I don’t often watch television. Every few years the cable goes off for a year or two because it’s not a necessity for us. I am rarely interested in weekly drama or comedy shows. I prefer to watch reality TV. From documentaries such as DiCaprio’s Before The Flood, or The Great British Baking Show, to MTV’s The Challenge and an old favorite, Forensic Files. While watching other fiction TV shows (and I realize there are scripts in all of the above shows), I often lose myself in my analyses of the writers’ dialogue and plots. I find that life has a way with words that cannot be emulated.
When I am not feeling my best, mentally or physically, I like to turn on a “trashy TV show,” as my mother calls them. I like to watch others struggle to find answers or cooperate with people that are different from them. I like to think that I can learn a lot from the mistakes or triumphs of the people on these TV shows.
Whether I am absorbing valuable information or not, I relax when I watch reality TV. Sometimes I get up from the couch feeling refreshed, knowing more about myself than I did when I sat down. There is value in forgetting what you know and watching others display their mental and physical talents.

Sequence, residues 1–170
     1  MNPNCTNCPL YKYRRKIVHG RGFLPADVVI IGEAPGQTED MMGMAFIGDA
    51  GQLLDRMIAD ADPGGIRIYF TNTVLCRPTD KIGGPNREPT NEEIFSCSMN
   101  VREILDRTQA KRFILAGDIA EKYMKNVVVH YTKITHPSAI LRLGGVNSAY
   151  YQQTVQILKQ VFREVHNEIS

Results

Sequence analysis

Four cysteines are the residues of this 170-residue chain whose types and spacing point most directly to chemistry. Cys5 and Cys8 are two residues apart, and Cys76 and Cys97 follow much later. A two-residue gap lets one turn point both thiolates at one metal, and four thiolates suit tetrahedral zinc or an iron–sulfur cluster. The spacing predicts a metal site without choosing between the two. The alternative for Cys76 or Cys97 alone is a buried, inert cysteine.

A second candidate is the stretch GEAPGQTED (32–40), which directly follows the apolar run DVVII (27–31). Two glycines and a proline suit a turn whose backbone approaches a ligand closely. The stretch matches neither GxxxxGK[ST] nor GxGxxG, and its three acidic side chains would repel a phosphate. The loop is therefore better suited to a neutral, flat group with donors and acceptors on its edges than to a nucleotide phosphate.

From The Great British Bake-off I have learned that competition can be friendly, and a soggy bottom is enemy number one in the kitchen. From Before the Flood I learned that there is reason to be optimistic, but solutions must be worked out now. From MTV’s The Challenge, I have learned a lot about team-building and how difficult running through a desert can be. And of course, you can pick up a lot from Forensic Files, one tip being to lock your doors at all times.
Whatever you learn, it’s okay to watch reality TV. Some may call it “trashy,” or “depressing” in the case of climate change documentaries, but I find a value in this kind of entertainment. Often, I simply zone out for a little bit, but once in a while I pick up a gem.